The back end of the turret shows my muted attempt at highlighting and shading. Oh, and check out the casting numbers at the back of the turret! They caused me way more headache than they were worth. I went looking through all sorts of kits in search of sprues with the size and fonts of letters/numbers that I wanted... Like I said, it was more trouble than it was worth.

One of my favorite things about the IS-4 is the wide variety of textures you can find on it. The relatively smooth armor plates that make up the hull really clash with the rough sand-cast components on the turret and the little bulge on the front for the driver's hatch. I think, at the simplest level, that it is contrast that makes things visually interesting, so the more opportunities for contrast I can find on a model, the more interesting the model should be. The contrast doesn't have to just be in terms of color changes or stark, ultra-crisp pin washes, but also includes sheen, color, texture, and temperature.

This picture really captures the texture and color changes that I had in mind when I started this project. Frankly, the picture looks much better than the actual model, but you have to promise not to tell anyone!

For some reason, Trumpeter decided to separate the photo etch screens from the frames that hold them in place. I soldered them together and secured them with super glue. Kinda an annoying extra step, but it's done now.

I did my best to make sure every one of the fuel drums looked a little bit different from the others. I even cut the handles off one and scribed new weld lines on it to make it look like it was mounted crookedly. To the left of the shovel, you can see the rubber seal sticking out between the engine deck cover and the side plate, which I made from a scrap piece of foil. Manufacturers seem to miss this detail quite often.

Here, you can see the little saplings and blades of grass that are peeking up through the snow drifts. Living in the snowier parts of the country has its advantages, I guess. I secured little pieces of shrubs from Armor Farm into small holes with a drop of white glue. (No, I'm not sponsored by Armor Farm or anyone else; I just want to show you where you can find better supplies!)

This close-up is pretty over-exposed, but I think it gives the best look of the "interior" that I can manage. I made a mistake and placed the gun breech too far to the rear of the turret, but only by a few millimeters. I used the breech from Jaguar's long-gone JS-2 interior set to fill out the sad, empty space in the turret. I keep thinking about adding a figure, but I haven't decided which one to use and I'm starting to think I should just move on to other projects instead.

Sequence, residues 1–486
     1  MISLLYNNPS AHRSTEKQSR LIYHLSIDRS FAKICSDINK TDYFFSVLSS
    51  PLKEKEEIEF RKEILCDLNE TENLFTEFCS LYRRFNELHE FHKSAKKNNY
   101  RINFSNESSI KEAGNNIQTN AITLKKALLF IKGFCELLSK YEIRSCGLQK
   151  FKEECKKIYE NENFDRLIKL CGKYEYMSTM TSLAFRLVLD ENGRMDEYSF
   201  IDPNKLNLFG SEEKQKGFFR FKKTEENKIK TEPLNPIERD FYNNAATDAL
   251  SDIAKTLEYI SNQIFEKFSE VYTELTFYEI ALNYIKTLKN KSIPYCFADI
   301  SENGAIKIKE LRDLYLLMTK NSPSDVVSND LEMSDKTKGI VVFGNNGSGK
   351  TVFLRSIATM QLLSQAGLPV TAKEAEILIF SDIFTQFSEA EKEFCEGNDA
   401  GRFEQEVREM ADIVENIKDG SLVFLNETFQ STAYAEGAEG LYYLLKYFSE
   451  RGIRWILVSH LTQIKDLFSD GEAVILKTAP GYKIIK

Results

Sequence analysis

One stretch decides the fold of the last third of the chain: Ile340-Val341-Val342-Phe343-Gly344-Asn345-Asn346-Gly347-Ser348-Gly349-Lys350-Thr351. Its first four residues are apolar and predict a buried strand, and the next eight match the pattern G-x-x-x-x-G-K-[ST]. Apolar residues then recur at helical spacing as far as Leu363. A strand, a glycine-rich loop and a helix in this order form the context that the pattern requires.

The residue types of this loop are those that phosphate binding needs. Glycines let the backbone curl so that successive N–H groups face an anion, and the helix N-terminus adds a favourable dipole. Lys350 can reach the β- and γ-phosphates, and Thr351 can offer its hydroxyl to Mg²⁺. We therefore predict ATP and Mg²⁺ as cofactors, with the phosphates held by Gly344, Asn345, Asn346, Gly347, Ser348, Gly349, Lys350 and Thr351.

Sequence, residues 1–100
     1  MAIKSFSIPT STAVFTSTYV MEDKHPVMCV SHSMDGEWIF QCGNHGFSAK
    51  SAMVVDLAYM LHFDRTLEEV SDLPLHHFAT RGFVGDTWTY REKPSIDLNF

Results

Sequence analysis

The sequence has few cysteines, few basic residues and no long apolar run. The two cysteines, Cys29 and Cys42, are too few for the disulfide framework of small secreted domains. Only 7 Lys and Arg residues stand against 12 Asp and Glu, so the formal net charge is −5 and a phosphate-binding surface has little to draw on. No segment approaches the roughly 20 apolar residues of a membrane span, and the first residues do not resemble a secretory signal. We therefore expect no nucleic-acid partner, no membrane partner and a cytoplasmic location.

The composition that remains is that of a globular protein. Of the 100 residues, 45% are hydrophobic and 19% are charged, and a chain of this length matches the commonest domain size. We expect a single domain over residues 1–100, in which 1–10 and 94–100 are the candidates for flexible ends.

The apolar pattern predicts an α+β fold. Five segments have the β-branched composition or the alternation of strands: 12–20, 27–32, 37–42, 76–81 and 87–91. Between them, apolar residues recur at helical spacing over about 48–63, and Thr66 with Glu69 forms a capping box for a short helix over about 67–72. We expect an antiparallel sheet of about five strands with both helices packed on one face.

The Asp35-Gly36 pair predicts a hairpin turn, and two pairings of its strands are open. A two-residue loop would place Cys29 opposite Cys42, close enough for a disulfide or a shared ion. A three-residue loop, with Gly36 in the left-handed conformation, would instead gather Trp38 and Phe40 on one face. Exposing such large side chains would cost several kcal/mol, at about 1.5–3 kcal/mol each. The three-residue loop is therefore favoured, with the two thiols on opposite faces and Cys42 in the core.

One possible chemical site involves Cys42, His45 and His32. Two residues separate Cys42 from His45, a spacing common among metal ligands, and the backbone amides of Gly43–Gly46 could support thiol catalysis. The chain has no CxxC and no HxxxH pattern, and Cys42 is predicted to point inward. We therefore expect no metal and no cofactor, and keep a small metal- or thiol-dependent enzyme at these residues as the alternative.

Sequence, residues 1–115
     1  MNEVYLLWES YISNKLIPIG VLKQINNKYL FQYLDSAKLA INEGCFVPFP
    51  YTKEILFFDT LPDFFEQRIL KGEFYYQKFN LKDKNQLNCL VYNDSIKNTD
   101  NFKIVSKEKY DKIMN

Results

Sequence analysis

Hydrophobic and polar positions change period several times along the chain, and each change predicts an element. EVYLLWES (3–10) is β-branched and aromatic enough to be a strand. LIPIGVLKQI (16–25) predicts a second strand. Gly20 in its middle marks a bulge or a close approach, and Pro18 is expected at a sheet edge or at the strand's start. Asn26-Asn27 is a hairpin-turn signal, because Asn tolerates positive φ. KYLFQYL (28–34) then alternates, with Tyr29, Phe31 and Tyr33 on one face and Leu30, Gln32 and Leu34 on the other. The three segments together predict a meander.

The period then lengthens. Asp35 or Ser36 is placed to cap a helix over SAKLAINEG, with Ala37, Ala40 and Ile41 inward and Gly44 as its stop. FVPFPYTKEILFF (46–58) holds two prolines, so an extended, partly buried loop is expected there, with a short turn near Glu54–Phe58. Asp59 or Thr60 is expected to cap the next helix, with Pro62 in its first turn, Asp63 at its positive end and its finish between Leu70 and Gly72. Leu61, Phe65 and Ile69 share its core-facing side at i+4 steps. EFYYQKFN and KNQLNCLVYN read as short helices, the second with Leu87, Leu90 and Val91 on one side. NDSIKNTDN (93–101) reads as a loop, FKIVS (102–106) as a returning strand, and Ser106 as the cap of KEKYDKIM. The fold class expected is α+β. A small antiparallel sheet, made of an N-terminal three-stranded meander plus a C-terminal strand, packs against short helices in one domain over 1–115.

One thing I have been paying increased attention to on models in general is the nameplate. The usual go-to for many models is an engraved or printed metal plate from a trophy shop. This works, but it doesn't stand out, especially if you're at a model show with dozens of other people who did the same thing. 

I used Tamiya's new paper sheet of masking tape to make a mask for the letters. I just printed them off from a word processing document onto the paper, cut out the letters, taped them on and painted away. The star is a little plastic jewel from a craft store painted in silver.

Thanks for looking!


  1. Great and the snow is amazing ;)

    1. Thank you! I have plenty of reference for the snow outside, which was helpful. ;)

  2. You did a great job Kyle compliments.Also in my opinion the snow is really realistic and the weathering work is excellent.

    1. Thank you, Luigi! I'm glad you like the weathering. I didn't want to do too much, because of how short the tank's service life was.

  3. Really, really great Kyle! I love everything about this one and the dirt and grime is rendered perfectly.

    1. Thank you, Dave! I picked up a lot of new tidbits in your videos, especially since your WWI stuff has so much mud in it.

  4. BEST IS-4 I've ever seen up to date, fantastic weathering

    1. Thank you! I'm glad you like it. Weathering is my favorite part of modeling, so it's good to hear that it looks fine, too!

  5. This comment has been removed by a blog administrator.


[insert fiery hate rhetoric here]